Rob went into some detail about the decals. They sound like an achievements system: you complete in-game goals and are awarded decals. And those appear on units? Which units?
That's right. We actually have two different award systems. So you have your achievement system, and then the rewards for earning those achievements are either avatars, decals, or both. And so the avatars, again, that is pretty straightforward. Those are like your gamer pics that you get; your 2D avatars that you can put on your character. And as soon as they are tied to achievements, some will be easy to get. Some will be super hard to get. So there will be like the elite one that you get, it will be like, "Oh my God. He looks like a Lurker. Wow. The Lurker gamer pic is really rare, so he must be really awesome."
So there is that. And then the decals will be broken out into Terran, Protoss, and Zerg. So they are essentially art that you can apply to the 3D model and it applies to your whole army. So you have got the gear, the Protoss one, or say the Terran will have, say, a gear, and the gear will appear on all the pieces. It will be kind of like a stamp on all the 3D models for all the pieces in the game.
And then will people be able to, either inside Battle.Net or in the game, know which achievements avatars and decals are tied to? Like, if I'm looking at you and you have this awesome avatar, and I'm like, "I've got to have that," will I be able to mouse over and see how that asset is unlocked?
If you go into the avatars and decals area of your profile, it is like a sticker book.
Like you would for Achievements on Xbox Live or Trophies on PSN?
Exactly. But this is rewards based on that, but yeah, same sort of thing.
How does Blizzard use data from old Battle.Net games? Does that data actually go as far as to affect the way games are developed? Like, for instance, "Defense of the Ancients," ido developers analyze that in data form and try to figure out why it's so popular, and then try to replicate that experience?
Certainly there are pieces of data that are useful. Obviously Battle.Net is a pretty old service, so there was some data that we definitely can accumulate. And some of that data has been valuable to us in terms of our decision making process around the design for the new Battle.Net. We are pretty observant. We have looked at industry trends. We have looked at how people play our games. We have looked at, you know, DotA is a great example. And we have definitely built many aspects of the new Battle.Net design around scenarios like Dota. We want to be able to facilitate the community creating the next DotA for Starcraft 2. I mean that is definitely a design goal of ours.
Switching back to what Rob had talked about. What did he mean when he mentioned an offline guest mode?
All that really means is in the case, say, where you are on a laptop on an airplane, you are going to be able to play the campaign mode. So once your game, you have taken it home and you have registered it in sort of a registered installation, you are going to be able to play offline if you are, say, on a laptop. So that is what that means.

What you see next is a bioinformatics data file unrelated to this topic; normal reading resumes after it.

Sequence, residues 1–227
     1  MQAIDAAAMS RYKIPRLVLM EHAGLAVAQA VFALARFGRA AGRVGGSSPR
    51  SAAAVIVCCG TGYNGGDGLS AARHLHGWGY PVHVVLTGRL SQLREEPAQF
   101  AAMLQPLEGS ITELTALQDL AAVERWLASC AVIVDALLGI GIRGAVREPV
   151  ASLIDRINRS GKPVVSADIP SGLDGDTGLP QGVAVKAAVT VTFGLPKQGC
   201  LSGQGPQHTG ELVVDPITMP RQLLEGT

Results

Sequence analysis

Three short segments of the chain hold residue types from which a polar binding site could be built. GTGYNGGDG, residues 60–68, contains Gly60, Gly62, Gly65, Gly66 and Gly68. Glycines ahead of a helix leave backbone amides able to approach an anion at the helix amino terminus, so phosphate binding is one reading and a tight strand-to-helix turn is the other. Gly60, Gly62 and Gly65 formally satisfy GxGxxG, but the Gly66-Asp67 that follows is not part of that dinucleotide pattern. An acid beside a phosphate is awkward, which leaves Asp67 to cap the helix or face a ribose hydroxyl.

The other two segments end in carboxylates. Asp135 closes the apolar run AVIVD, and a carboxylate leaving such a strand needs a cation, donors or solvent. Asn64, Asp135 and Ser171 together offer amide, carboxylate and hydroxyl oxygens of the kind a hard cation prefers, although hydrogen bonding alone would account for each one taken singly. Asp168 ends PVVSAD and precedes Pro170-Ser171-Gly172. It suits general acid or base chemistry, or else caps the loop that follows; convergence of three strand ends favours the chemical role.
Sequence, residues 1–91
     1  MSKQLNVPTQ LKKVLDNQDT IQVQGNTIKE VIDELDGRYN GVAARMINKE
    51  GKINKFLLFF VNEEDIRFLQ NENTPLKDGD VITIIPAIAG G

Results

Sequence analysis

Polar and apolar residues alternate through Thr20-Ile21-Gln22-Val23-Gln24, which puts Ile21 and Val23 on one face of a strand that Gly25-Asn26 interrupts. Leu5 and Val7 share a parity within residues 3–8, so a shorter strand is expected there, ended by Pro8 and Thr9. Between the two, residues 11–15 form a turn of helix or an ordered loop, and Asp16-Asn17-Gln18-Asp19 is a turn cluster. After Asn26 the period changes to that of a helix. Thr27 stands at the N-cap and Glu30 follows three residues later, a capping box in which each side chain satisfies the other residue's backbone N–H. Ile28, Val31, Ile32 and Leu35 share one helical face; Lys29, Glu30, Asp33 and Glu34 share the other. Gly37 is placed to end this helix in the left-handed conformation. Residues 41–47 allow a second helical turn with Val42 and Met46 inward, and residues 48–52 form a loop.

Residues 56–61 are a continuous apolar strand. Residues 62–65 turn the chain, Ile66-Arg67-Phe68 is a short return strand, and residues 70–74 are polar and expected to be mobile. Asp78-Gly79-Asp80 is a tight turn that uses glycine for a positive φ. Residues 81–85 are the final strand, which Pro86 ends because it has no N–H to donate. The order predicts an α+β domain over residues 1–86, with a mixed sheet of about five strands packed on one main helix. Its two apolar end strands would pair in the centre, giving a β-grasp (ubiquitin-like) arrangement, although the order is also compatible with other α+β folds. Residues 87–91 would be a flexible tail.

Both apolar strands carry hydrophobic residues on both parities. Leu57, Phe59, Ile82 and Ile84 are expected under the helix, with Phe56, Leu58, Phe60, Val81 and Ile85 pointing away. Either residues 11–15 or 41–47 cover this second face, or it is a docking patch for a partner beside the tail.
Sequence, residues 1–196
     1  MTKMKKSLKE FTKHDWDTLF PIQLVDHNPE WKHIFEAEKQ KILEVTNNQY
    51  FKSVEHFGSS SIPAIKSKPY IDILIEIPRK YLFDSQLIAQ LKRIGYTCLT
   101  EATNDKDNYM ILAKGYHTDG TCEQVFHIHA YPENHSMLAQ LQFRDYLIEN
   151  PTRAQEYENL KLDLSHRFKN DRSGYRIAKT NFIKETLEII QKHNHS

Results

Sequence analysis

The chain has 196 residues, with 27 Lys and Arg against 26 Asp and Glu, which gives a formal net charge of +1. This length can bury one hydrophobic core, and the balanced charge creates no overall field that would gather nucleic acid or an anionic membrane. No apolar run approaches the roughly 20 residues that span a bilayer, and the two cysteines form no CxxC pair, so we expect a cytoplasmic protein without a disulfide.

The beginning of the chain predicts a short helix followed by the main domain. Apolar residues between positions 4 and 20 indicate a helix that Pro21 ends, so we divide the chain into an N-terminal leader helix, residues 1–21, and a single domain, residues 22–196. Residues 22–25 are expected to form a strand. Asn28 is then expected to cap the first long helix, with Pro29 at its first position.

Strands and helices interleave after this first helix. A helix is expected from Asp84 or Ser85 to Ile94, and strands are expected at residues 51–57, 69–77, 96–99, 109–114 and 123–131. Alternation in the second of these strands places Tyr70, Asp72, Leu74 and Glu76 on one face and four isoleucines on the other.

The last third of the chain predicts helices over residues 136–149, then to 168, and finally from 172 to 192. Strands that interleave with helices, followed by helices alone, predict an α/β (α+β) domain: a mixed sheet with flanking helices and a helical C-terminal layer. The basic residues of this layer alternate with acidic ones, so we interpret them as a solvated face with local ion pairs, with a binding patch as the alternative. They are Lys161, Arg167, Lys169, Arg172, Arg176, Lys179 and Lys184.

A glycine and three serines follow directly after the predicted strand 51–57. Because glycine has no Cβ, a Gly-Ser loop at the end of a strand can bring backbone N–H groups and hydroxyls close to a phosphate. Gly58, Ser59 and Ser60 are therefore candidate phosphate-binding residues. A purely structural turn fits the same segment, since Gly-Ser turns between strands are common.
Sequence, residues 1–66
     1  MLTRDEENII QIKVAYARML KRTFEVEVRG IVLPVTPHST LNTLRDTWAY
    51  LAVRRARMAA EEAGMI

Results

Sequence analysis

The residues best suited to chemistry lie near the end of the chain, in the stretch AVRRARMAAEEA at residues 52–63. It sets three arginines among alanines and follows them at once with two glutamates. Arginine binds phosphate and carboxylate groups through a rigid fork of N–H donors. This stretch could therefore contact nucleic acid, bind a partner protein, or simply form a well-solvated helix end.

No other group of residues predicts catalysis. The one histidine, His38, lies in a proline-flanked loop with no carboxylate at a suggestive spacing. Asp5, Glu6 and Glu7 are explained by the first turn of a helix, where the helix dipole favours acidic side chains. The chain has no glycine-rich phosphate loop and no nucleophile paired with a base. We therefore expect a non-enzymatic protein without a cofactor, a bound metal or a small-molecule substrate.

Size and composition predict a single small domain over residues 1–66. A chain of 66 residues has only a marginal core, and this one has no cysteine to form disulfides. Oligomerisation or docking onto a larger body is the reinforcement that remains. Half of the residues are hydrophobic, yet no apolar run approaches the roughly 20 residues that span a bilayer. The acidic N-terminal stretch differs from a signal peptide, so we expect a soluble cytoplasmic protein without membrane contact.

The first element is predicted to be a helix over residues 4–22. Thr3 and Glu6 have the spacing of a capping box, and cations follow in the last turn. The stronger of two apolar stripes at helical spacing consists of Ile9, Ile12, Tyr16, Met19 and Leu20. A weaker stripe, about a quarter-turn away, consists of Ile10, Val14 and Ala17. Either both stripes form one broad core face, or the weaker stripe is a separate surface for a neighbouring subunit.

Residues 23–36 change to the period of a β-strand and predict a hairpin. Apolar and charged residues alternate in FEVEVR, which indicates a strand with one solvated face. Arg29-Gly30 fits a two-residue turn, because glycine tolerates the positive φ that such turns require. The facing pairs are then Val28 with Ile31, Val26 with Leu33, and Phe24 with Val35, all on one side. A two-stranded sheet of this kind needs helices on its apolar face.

Somebody in the press room here at BlizzCon was like, "Did they just say that LAN was coming back because of this offline thing?!"
Offline single-player campaign.
That makes more sense.
As far as the new stat tracking goes, is that going to be a huge function of the new Battle.Net? Will you have your own pages of data that you will be able to access?
Absolutely. And that is one of the benefits of the always connected experience, right, because you are always connected and you have got your character. We have very rich stats that we are tracking across all your game play modes. Your league and ladder play as well as your individual play, your pickup play, your co-op skirmish play, your campaign, your challenges; all that, there are stats around all of it. You have got pages of stats and so forth.
During the Battle.Net presentation you guys showed some of your research into experiences like MySpace, Xbox Live, WoW, and so on. Then you had a separate spotlight on Facebook and Twitter, which are two of the most popular social media platforms today. Had you guys investigated any sort of parternship with these services within Battle.Net?
The goal is for Battle.Net to be there in some form for the beta.
You mentioned that eventually the new Battle.Net will support older games. Is that a pretty arduous undertaking to, say, prep Diablo 2 or the original Starcraft to run on the new Battle.Net?
It could be potentially, and there is a big list of stuff we need to do. Obviously our number one goal is to get Starcraft 2 to a level of ... the Battle.Net experience to a world class level of service and support for Starcraft 2. That is the number one goal. Beyond that, of course we have got Diablo 3. We have got other games and we want to make sure that we are serving Diablo 3 and the World of Warcraft audience really well. And then that is another project that we are looking at. The answer to that question really depends on the level of integration we would be talking about. The full feature set that you saw today for Starcraft 2, that would be really ambitious for all of the games, obviously. Some subset of that may be a little less ambitious. Maybe you could do something with the social stuff. You know, it is on the list. We just don't know exactly where it is on the list.
Mike said earlier today that he still believes the Starcraft 2 beta will be out this year. Will Battle.Net be working with that if it does?
The goal is for Battle.Net to be there in some form for the beta. The beta is a multiplayer beta and Battle.Net is the service for Starcraft 2. By definition, Battle.Net would need to be there.
So it's a double-edged beta: Starcraft and Battle.Net.
Yeah, definitely. Absolutely. That is the goal.
Well, we're ready to get our hands on it already. Thanks for your time.
Thanks a lot!